THIRUVANANTHAPURAM: Bands that create tunes tinged with Carnatic influences are on the rise. While established acts like Baiju Dharmajan Syndicate and Agam, deal with heavier sounds from within the rock spectrum, there’s a new outfit that hails from the ‘Venice of the East’ and they dabble in experimental Carnatic compositions. We catch up with The Buddha Tree’s frontman Sreenath Parasuram—a classically trained artiste with a 17-year-long career in music—right after their performance at Sofar Sounds Kochi.
“Just like most other bands, we’re just a bunch of friends, who happen to be professional musicians, that started jamming to perform at minor events,” begins the flautist, who has played at famous celebrations including Chembai Sangeetholsavam and Thyagaraja Music Festival. “What sets us apart is the fact that our musical base is completely Carnatic. However, we titrate and fuse each of our rhythm patterns, talas, and ragas, with drops of Western classical, blues, etc, to create something completely experimental,” he adds.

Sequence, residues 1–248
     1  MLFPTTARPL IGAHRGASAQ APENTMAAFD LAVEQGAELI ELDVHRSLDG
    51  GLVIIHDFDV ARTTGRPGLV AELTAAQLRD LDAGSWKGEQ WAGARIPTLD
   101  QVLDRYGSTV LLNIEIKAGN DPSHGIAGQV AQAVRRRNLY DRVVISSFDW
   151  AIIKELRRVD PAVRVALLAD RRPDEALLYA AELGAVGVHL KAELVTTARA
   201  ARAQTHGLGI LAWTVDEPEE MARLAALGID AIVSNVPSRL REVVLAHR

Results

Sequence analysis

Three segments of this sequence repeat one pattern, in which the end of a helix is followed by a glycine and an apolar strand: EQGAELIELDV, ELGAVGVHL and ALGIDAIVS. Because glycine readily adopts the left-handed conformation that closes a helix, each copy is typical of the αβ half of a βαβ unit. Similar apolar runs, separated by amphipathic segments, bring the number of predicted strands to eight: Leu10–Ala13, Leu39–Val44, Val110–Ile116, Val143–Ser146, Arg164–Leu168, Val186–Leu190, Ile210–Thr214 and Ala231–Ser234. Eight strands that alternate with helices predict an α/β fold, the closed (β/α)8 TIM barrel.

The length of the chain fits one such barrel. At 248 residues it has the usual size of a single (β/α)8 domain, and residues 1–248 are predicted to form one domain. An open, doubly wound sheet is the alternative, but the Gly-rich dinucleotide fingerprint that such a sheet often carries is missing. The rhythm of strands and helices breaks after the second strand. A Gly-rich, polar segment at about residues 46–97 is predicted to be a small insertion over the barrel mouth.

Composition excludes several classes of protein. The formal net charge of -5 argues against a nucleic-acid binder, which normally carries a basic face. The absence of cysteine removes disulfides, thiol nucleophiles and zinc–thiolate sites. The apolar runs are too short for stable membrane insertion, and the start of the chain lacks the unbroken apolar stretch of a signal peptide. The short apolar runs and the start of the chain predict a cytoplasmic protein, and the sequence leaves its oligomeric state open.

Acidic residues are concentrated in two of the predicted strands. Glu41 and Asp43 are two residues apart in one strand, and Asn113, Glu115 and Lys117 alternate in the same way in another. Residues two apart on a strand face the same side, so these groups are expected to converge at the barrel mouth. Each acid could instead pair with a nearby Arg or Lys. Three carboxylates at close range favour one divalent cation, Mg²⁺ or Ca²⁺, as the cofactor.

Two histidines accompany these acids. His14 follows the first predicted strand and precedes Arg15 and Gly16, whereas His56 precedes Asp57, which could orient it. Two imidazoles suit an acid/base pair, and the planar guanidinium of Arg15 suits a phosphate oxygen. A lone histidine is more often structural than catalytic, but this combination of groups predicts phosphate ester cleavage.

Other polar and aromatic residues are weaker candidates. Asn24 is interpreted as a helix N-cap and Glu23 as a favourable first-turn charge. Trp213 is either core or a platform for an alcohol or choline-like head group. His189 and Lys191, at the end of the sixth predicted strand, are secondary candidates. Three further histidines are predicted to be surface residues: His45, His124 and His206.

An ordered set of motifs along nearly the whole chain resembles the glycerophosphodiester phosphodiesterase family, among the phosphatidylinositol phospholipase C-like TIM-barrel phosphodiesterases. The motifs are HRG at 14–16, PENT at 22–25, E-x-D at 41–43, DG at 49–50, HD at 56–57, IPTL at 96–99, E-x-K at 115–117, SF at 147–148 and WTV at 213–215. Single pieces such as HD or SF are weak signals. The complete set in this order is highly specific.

When asked about the act’s unique name, the SD College alumnus explains that after each of their gigs all of the artistes found themselves in a ‘state of nirvana’ and the name ‘The Buddha Tree’ represented that headspace perfectly.
Besides 29-year-old Sreenath—who will also be showcasing his self-taught guitar skills on a Tamil side project called Anbagam, alongside Mumbai-based vocalist Aparna Krishnakumar—the band features Athul Prakash (percussion), Farooq P N (rhythm guitar), and Manu Ajayan (bass).Sonically influenced by John McLaughlin’s Shakti, guitarist R Prasanna, and Eric Clapton, the quartet is currently preparing to record six of their original tracks including tracks like Beyond, Frozen, and Riding on the Dream.